Having a Pet Can Really Mess with Your Sleep, Study Finds

Pet owners have dealt with it all while trying to snooze: a cat pawing your face until you feed her, a 15-pound dog somehow taking up the entire bed, a cat dedicated to his 3 a.m. laps and utter destruction, and other bedtime shenanigans. With that in mind, the findings of a new study may not be all that surprising.

Research recently published in the journal Human-Animal Interactions investigated the shuteye quality of pet parents, and the findings aren’t the best. Both dog and cat owners were found to experience sleep disturbances, though each species brought different issues.


The study authors – from Lincoln Memorial University’s Richard A. Gillespie College of Veterinary Medicine – write, “The results of this study are consistent with previous studies that found that pet ownership has a negative impact on sleep quality.”

The findings from this study were drawn from National Health and Nutrition Examination Survey (NHANES) data from 2005–2006. Using different models with this data, the researchers investigated the link between dog and cat ownership and sleep outcomes. They focused on things like snoring, sleep disorder diagnoses, trouble sleeping or falling asleep, leg jerks and cramps, feeling sleepy, and getting fewer than six hours of sleep per night.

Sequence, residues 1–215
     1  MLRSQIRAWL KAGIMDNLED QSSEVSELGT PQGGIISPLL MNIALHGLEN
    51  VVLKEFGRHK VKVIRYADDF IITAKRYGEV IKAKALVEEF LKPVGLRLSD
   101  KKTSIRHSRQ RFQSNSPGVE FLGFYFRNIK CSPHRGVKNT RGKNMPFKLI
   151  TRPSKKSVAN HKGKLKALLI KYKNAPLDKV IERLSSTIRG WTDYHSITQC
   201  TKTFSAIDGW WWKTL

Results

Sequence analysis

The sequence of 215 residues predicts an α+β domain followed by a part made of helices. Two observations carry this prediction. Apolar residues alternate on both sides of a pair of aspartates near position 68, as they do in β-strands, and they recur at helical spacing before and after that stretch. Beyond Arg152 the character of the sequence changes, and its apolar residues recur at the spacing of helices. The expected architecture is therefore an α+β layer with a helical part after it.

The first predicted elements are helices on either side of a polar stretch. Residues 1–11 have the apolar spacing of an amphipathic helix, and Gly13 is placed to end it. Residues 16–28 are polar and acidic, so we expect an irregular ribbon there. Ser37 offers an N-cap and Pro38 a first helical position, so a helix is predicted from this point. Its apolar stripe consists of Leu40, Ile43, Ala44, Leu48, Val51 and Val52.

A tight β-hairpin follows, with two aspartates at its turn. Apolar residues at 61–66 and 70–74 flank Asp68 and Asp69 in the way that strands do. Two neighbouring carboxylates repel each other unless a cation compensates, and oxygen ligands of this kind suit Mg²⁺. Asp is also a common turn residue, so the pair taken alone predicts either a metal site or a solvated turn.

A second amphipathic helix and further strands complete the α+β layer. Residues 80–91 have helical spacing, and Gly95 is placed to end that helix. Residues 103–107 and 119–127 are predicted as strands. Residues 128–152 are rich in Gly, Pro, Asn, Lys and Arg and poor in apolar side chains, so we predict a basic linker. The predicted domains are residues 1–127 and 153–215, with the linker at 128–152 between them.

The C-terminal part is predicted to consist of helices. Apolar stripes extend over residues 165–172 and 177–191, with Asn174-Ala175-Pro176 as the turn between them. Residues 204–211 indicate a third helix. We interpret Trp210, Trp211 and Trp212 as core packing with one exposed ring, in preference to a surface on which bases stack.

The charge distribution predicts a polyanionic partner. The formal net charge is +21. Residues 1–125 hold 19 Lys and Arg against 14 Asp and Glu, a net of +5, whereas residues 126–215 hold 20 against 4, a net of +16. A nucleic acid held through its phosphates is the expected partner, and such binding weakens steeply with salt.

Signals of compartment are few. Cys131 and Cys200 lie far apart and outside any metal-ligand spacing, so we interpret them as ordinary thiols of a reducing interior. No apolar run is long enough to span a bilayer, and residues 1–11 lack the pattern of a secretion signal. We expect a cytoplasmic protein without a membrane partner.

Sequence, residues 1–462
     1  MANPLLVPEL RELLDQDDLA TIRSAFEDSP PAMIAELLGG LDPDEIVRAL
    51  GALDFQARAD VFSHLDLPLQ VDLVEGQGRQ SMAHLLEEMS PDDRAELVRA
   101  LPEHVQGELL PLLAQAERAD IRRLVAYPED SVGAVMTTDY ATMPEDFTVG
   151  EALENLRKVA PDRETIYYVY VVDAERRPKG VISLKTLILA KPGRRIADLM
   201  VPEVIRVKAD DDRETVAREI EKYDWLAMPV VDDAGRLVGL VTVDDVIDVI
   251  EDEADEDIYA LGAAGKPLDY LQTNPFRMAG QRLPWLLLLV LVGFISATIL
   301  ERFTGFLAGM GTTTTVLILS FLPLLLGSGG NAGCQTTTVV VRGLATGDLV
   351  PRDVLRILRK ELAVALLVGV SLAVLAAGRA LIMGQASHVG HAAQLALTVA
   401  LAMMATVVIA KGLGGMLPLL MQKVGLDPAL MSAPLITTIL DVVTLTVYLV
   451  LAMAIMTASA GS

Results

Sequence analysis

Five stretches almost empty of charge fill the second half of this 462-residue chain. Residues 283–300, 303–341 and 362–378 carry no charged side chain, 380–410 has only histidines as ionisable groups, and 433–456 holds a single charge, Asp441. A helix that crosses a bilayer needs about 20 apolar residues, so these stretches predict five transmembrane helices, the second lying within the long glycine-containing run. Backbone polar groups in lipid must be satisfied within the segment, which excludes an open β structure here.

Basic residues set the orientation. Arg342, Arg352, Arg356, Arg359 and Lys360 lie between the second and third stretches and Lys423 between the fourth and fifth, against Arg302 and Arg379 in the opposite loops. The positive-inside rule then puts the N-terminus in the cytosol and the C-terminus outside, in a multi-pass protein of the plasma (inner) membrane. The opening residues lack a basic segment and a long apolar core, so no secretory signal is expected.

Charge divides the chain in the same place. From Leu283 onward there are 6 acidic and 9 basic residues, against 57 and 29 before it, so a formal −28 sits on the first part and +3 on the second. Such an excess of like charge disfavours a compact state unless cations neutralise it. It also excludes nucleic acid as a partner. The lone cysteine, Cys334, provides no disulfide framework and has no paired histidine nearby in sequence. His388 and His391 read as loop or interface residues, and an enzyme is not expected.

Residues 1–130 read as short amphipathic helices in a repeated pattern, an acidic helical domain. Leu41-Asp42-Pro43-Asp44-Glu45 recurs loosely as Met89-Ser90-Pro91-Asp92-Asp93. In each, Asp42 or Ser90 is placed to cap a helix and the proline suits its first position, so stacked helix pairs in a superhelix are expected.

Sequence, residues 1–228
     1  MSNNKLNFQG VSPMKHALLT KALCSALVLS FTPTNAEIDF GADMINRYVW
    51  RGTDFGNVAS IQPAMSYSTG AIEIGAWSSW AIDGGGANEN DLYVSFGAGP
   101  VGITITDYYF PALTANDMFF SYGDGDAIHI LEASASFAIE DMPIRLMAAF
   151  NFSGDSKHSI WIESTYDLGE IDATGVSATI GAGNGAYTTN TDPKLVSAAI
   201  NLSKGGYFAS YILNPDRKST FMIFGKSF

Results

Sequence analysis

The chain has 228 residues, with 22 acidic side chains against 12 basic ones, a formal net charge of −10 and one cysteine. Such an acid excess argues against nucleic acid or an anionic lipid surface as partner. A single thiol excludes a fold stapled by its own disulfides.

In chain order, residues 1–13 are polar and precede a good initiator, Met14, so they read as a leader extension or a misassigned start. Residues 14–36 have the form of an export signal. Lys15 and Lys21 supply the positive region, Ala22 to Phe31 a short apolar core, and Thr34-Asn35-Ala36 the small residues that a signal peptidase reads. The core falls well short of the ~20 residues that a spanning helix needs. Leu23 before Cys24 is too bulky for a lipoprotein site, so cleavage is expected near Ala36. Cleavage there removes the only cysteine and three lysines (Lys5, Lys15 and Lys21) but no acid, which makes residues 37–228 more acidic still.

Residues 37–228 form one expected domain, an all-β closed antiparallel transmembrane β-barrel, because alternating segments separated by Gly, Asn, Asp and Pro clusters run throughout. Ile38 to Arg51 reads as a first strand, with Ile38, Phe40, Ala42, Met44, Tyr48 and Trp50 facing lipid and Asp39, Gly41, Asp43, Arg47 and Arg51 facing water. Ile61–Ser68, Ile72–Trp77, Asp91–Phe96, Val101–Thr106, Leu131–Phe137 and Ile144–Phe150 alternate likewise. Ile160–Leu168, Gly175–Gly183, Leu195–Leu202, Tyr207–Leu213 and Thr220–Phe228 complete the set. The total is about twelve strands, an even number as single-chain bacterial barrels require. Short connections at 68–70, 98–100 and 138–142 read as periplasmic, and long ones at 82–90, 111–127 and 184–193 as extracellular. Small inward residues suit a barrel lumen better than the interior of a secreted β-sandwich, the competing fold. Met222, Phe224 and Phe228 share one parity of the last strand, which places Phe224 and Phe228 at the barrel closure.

The team found that dog ownership was linked with a higher risk of having a sleep disorder or trouble sleeping, while cat owners had a higher prevalence of leg jerks. The researchers write that their study didn’t show that pet ownership caused these issues, but their findings could help in future trials for those with sleeping problems.

The findings could also resonate with a lot of people. A survey from the American Academy of Sleep Medicine (AASM) recently found that nearly half of pet owners sleep with their pets, with the habit more common among Gen Z respondents.


If you notice your sleep taking a hit due to this sleeping arrangement, AASM has a few tips: create a separate and comfortable sleeping space for your pet nearby as an alternative, keep a consistent sleep schedule that considers your pet’s feeding and exercise routine, make your bedroom quiet and relaxing, limit exposure to bright light in the evenings, don’t eat a large meal before bedtime, stick to an exercise routine and healthy diet, and turn off all electronic devices at least 30 minutes before going to bed.

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